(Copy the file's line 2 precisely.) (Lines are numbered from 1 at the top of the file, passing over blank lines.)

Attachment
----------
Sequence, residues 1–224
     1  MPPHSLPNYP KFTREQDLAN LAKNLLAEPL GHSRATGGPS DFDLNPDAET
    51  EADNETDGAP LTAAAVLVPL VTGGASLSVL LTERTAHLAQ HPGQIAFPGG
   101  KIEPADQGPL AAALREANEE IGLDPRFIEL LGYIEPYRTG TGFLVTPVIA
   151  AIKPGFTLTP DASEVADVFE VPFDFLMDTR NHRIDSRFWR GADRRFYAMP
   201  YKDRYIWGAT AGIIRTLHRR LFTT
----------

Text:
     1  MPPHSLPNYP KFTREQDLAN LAKNLLAEPL GHSRATGGPS DFDLNPDAET